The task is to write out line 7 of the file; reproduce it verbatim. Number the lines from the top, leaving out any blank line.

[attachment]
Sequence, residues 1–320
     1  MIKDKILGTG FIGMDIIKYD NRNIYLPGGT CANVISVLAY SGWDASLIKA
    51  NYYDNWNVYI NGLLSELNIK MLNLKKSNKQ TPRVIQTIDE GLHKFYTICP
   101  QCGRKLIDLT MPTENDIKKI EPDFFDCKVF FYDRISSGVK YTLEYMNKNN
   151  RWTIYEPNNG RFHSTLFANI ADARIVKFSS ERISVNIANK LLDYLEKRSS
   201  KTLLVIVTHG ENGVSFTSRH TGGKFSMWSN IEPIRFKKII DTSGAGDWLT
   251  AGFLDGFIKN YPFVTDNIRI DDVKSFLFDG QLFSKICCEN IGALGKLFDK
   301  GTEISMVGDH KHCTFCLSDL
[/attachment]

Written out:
   251  AGFLDGFIKN YPFVTDNIRI DDVKSFLFDG QLFSKICCEN IGALGKLFDK